Would your staff know what to do if data was lost or stolen?
What has your firm done about GDPR?
Along with cybercrime and anti-money laundering, data protection is one of the fastest-moving and vital areas of compliance. Information Commissioner Elizabeth Denham has warned businesses to prepare now for what she referred to as “the biggest change to data protection law for a generation“. The government has confirmed that the UK’s decision to leave the EU will not affect the commencement of GDPR.
Given the vast amounts of highly sensitive personal data handled by law firms, there is going to be a need for greater accountability and scrutiny on the profession to ensure these responsibilities are taken seriously. It is not just IT teams that will have to ensure that data is held securely with a clear audit trail, data controllers (those who actually use and manage the data) will need to be aware of their responsibilities and be prepared.
Businesses failing to comply with the GDPR could face dramatically increased fines. Currently the ICO can issue penalties of up to £50,000. In future, the upper limit will be 20 million Euros or 4% of turnover, whichever is greater.
Our experts assist firms to prepare for the GDPR with a comprehensive programme, including:
- a full data protection compliance assessment to analyse your firm’s current data protection measures, identify areas of deficiency and establish what measures will need to be taken to ensure compliance under the new regulations;
- a review of existing systems, policies and procedures against new regulatory requirements and provision of any necessary new systems, policies and procedures tailored to your firm’s circumstances;
- training of your firm’s Data Protection Officer (DPO) and staff at all levels of the firm to ensure they have sufficient awareness of how data protection relates to their particular roles.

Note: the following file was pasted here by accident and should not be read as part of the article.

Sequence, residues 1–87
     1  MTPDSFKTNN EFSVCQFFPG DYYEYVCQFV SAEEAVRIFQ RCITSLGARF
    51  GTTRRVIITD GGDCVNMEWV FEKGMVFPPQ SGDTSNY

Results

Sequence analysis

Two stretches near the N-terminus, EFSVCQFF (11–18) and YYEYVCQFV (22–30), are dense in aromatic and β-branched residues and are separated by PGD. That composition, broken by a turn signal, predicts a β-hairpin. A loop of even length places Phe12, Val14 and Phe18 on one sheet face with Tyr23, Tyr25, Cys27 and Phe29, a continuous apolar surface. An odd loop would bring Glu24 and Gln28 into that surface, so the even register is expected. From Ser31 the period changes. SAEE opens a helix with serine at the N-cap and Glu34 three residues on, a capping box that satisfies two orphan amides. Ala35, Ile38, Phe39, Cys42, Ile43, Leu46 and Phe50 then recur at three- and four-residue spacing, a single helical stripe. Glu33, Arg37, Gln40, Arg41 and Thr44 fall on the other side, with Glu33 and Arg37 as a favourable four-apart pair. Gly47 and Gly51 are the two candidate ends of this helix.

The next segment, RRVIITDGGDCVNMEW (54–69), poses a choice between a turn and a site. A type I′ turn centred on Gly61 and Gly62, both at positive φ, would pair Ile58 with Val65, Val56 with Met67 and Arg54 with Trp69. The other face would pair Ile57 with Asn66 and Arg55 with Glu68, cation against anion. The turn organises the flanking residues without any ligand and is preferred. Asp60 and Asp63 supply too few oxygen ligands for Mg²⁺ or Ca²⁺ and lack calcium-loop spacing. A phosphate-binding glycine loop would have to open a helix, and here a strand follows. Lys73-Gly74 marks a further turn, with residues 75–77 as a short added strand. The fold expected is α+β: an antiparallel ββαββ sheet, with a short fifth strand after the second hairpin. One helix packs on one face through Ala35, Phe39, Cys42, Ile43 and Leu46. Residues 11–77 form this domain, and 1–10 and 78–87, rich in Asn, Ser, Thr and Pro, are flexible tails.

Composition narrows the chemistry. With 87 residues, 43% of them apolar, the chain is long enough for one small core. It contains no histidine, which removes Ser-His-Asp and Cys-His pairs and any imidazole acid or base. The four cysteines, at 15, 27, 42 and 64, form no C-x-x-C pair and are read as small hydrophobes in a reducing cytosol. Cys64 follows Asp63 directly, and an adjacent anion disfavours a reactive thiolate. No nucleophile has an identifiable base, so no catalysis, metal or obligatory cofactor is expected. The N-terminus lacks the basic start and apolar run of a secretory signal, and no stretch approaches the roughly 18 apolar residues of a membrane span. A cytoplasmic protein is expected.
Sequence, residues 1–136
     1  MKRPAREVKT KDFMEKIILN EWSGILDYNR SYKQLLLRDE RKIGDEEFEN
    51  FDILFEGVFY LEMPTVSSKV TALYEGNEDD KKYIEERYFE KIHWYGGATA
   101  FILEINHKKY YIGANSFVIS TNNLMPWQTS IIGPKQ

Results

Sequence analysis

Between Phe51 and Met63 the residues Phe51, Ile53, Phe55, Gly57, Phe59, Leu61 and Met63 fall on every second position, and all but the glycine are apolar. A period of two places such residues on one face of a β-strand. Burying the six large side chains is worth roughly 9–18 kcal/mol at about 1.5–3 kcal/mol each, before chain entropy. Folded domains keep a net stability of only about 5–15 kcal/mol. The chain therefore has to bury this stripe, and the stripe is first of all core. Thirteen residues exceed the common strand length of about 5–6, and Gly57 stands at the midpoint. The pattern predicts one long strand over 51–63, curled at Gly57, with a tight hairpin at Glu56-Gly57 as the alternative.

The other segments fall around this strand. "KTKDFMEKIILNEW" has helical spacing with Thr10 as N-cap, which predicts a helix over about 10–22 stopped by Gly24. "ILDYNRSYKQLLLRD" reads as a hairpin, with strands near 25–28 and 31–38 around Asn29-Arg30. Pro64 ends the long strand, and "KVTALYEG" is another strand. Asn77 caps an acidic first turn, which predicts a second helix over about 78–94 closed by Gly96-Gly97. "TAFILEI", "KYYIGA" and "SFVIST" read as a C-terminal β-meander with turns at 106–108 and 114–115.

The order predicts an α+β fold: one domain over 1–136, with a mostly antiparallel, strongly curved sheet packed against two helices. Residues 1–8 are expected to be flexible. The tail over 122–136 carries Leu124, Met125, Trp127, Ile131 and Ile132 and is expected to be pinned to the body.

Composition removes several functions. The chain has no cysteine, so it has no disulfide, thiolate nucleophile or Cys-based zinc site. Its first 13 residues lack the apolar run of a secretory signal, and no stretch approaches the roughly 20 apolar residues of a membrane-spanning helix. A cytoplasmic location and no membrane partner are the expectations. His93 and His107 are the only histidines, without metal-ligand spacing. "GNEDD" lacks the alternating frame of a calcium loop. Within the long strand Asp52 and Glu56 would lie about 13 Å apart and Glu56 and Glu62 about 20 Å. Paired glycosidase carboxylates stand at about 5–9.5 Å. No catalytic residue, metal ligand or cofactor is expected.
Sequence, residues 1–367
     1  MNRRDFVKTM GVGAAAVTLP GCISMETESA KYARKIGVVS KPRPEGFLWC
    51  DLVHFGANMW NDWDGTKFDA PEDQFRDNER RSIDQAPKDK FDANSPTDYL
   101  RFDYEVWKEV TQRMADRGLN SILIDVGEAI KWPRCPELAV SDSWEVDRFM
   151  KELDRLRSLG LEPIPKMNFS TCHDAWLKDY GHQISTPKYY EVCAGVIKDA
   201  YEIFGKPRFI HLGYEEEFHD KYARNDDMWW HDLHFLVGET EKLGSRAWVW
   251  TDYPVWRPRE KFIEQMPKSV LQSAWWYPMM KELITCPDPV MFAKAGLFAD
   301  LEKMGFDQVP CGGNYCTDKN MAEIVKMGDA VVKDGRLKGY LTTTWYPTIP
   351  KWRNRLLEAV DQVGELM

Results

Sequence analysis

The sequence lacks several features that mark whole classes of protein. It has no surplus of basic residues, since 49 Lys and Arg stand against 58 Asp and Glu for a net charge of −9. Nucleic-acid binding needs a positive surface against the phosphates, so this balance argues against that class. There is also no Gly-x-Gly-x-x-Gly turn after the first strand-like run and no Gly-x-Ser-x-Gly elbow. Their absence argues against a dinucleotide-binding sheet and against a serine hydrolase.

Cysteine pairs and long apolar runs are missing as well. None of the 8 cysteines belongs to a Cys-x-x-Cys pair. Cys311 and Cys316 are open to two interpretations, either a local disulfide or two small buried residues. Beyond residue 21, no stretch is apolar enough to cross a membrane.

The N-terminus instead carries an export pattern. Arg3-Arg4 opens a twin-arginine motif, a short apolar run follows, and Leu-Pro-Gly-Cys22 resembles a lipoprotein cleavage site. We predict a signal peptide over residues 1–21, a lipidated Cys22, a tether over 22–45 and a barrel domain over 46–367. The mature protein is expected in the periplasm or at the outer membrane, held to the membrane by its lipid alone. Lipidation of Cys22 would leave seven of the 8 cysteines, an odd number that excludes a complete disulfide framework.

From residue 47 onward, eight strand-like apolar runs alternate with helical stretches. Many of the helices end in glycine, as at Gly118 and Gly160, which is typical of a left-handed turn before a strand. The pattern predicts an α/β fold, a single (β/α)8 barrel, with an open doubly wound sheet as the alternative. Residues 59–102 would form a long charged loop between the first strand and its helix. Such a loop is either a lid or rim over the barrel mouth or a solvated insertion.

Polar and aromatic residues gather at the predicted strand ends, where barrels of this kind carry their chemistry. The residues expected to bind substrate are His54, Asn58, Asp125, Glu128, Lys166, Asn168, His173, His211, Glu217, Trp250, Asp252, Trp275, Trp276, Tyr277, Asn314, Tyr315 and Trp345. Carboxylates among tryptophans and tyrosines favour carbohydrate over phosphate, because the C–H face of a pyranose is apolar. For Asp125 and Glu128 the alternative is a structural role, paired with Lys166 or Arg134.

Following the assessment, we can give you advice and support on all aspects of data protection compliance, in particular:
- rights of clients and staff in relation to their data held by the firm;
- client and staff consent;
- Subject Access Requests (SARs);
- changes to client care documentation/terms of business;
- steps to take to safeguard data and monitoring of procedures to keep track of data;
- physical security arrangements;
- practical steps to avoid data security breaches;
- changes to file opening, file management and file closing procedures, risk assessment procedures and file review procedures to ensure adequate consideration is given to data protection requirements;
- remote/home working;
- mobile devices;
- removable media;
- conflicts and confidentiality;
- procedures regarding data sharing;
- necessary steps to take when another company processes data on your behalf;
- retention and destruction of data;
- appropriate handling of data security breaches.
There is no time to waste when it comes to preparing your firm for the impact of the GDPR on your processes and to understand the practicalities of implementing any changes required under the new legislation.